Your audience is a general academic audience, and one's purpose in writing a paper is not generally to give personal advice. "You" addresses one person, but an academic essay's audience is multiple people.

    3. Avoid (unanswered) questions, especially if they occur where you should be writing analysis.

    Do not write: How can children know how to resist advertising?

    Do write: Children do not have the maturity to resist advertising.

    Just say what you mean to say because questions can prevent a writer from getting their point across with precision. It is occasionally acceptable to use a question as a hook or transition, but avoid using them more than once or twice in an essay.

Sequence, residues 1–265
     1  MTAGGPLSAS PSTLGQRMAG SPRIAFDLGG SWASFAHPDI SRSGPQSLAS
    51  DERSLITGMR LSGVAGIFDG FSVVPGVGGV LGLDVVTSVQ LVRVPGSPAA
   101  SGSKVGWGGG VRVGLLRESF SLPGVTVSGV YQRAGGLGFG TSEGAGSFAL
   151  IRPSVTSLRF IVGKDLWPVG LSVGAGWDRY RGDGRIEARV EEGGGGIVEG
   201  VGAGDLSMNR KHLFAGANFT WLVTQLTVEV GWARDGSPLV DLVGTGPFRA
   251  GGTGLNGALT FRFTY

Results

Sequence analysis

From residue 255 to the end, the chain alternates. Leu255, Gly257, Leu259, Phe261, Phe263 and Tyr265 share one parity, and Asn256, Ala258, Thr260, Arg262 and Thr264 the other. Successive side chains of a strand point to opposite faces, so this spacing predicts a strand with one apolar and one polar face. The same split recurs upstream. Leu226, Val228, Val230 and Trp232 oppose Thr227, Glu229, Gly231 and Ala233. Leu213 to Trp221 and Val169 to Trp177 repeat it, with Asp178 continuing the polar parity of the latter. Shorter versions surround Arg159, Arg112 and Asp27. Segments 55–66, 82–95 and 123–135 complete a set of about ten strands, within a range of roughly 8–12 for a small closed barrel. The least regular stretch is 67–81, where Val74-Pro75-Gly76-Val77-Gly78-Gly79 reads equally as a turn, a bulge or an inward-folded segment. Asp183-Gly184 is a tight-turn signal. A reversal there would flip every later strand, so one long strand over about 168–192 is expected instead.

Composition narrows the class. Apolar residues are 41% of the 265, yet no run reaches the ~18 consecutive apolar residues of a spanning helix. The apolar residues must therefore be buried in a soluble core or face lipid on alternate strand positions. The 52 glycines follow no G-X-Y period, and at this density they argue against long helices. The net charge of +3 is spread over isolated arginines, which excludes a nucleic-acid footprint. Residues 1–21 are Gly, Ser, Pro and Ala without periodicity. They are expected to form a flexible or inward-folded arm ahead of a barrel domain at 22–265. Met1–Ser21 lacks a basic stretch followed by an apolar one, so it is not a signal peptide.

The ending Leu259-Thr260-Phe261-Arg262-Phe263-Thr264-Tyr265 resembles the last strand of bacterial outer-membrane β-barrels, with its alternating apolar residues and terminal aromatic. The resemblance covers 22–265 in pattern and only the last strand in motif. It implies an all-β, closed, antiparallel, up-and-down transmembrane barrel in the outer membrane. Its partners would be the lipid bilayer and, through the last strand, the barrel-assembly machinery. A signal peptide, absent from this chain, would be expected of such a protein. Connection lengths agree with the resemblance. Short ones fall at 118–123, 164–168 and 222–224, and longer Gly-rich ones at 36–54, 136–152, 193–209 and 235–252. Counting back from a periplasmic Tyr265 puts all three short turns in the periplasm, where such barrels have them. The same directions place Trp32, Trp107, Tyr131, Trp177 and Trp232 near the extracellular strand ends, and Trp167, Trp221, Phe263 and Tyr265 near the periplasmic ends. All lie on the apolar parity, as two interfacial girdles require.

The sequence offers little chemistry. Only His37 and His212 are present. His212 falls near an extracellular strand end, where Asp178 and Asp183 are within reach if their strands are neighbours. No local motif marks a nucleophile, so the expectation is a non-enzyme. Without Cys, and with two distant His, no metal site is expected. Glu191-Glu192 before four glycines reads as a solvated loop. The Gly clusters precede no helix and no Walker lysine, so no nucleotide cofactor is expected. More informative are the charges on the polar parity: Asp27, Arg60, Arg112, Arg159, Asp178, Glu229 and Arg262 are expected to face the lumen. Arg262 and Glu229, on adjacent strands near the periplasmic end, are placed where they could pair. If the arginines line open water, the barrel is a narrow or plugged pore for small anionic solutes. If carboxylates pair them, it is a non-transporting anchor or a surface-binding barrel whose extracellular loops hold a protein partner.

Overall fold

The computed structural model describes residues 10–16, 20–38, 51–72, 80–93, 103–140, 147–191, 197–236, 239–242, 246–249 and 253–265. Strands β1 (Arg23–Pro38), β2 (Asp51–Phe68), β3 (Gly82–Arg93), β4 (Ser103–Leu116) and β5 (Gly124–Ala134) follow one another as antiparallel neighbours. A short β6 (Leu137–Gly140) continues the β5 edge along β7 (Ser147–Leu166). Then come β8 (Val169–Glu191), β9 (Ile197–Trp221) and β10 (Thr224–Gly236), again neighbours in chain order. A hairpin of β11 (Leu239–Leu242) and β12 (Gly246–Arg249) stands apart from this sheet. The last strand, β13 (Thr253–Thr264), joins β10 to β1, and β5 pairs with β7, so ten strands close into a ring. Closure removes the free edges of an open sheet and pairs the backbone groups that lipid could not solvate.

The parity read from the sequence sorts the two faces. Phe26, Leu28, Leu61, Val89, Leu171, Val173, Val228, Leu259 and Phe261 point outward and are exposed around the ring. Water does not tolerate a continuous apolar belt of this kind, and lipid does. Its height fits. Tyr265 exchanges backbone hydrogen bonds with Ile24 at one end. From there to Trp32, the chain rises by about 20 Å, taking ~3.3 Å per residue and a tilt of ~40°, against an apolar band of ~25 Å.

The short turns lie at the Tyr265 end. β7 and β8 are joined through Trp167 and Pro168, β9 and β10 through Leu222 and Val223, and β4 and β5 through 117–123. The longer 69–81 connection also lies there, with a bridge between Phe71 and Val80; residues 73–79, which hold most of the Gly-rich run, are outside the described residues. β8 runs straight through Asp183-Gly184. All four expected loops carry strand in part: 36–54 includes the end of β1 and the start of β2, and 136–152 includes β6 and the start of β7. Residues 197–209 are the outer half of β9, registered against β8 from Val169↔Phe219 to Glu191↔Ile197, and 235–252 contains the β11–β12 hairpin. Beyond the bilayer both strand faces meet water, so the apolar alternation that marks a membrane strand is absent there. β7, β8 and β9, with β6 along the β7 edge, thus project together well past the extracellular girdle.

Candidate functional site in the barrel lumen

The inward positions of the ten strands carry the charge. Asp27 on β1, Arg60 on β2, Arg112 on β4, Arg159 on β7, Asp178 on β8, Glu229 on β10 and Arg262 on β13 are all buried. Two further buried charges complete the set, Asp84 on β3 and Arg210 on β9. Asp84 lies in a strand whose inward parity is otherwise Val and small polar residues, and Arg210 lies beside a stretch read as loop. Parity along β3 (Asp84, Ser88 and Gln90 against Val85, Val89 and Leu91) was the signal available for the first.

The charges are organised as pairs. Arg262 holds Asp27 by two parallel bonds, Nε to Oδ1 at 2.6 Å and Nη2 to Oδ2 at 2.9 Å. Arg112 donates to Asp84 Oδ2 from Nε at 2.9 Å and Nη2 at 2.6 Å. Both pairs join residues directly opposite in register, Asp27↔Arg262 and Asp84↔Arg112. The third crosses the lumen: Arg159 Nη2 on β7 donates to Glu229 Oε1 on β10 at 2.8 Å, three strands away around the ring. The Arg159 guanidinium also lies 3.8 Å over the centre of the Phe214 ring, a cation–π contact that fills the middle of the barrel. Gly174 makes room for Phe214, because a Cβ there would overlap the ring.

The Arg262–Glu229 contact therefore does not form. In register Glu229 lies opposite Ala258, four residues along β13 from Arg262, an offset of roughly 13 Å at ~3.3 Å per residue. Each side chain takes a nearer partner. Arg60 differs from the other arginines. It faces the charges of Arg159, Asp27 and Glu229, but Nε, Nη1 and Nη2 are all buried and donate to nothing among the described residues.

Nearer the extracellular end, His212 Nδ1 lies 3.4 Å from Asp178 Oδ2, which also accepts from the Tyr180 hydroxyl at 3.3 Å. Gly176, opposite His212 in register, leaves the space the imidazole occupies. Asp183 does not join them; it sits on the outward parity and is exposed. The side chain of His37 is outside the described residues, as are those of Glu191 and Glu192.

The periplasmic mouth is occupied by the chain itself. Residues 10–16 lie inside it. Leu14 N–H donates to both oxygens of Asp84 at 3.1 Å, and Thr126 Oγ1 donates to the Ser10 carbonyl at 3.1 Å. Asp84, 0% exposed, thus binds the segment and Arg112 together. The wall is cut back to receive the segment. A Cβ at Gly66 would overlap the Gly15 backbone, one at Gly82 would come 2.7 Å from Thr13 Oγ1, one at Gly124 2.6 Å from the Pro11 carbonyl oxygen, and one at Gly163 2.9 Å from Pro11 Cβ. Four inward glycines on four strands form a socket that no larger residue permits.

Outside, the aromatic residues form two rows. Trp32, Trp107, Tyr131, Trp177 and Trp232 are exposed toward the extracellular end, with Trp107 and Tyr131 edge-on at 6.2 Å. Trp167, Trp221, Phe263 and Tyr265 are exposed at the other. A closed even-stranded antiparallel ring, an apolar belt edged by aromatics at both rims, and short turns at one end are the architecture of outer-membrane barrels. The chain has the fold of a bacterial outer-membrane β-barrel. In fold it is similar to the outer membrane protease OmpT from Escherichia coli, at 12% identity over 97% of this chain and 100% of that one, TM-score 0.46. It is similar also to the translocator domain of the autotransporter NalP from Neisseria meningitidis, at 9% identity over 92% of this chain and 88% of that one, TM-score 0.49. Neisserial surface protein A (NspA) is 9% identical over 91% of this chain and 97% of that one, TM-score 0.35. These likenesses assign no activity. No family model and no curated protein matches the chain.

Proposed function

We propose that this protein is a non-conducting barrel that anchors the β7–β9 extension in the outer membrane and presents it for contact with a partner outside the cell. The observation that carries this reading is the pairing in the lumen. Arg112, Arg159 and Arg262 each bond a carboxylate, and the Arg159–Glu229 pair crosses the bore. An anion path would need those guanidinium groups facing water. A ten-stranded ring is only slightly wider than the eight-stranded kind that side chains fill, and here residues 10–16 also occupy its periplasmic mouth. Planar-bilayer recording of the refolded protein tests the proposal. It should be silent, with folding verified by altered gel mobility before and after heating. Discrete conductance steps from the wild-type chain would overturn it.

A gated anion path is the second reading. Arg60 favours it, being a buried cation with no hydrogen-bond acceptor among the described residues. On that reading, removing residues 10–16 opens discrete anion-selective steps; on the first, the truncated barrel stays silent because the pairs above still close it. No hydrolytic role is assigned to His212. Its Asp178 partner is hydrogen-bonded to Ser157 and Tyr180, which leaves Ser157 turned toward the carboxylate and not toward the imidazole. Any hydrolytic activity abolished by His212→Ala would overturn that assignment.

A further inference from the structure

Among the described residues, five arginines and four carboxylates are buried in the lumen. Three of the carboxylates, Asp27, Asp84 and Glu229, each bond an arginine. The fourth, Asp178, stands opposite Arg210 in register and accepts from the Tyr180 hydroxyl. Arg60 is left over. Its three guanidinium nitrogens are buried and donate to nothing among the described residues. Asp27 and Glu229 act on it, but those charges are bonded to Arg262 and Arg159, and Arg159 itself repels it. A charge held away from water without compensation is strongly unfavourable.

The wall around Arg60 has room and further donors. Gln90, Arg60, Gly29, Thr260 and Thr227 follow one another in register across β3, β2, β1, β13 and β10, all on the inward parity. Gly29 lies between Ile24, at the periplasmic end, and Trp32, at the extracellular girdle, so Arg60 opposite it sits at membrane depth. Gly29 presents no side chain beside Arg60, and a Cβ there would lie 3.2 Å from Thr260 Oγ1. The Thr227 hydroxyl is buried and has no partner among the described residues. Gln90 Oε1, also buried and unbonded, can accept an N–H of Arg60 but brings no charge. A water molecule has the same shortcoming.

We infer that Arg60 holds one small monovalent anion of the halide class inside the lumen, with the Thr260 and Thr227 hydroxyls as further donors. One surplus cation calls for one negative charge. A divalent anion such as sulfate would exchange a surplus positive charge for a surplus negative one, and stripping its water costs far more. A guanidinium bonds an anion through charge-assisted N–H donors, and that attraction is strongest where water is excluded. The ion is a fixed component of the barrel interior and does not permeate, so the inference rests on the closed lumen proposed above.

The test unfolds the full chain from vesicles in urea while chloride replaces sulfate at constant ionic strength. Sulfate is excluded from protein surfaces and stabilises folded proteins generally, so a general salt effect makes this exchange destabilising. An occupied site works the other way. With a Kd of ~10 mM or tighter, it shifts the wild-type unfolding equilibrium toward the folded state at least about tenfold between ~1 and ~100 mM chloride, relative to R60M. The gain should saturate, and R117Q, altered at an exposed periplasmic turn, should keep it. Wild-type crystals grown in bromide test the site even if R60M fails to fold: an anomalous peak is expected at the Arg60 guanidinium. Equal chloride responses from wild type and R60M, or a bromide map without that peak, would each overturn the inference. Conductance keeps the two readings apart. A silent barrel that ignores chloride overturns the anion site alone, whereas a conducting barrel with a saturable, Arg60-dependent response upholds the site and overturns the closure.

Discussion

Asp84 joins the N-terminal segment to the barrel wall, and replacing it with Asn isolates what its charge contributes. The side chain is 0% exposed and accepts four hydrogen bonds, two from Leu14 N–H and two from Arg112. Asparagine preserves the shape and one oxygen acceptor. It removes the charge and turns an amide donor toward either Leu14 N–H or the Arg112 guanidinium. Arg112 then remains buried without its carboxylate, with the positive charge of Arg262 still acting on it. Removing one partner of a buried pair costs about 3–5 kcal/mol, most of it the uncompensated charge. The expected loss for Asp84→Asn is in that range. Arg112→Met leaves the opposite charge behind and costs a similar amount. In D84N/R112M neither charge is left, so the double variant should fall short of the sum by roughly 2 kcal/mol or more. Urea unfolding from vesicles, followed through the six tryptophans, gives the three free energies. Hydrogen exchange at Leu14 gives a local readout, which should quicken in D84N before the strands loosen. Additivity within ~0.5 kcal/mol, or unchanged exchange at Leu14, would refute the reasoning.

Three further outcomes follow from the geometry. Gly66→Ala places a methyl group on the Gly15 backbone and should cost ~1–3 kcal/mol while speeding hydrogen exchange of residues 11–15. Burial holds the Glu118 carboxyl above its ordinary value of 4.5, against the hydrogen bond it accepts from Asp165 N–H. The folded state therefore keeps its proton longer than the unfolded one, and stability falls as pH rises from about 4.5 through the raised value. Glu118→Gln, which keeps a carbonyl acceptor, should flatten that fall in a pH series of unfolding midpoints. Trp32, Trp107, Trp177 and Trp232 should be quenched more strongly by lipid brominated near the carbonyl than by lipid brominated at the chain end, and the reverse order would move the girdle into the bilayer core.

4. Avoid using casual language or slang unless it contributes to the effect you want.

    Do not write: The author talks about how corporations pollute.

    Do write: The author explains that, without regulation, corporations pollute.

    Do not write: The authors describe this family, the Joneses…

    Do write: The authors describe a family, the Joneses… casual tone might undermine your authority.

    A casual tone may undermine your authority and is not the usual accepted tone for academic writing.

    5. Avoid sweeping, obvious, vague, or clichéd phrases and statements:

    • Nowadays
    • In today’s society
    • This proves that no one cares about anyone but himself.
    • Everyone is addicted to shopping.
    • Pollution affects everyone and everything.
    • Pollution must end today or everyone will die soon.
    • In society, many things happen that are connected to each other.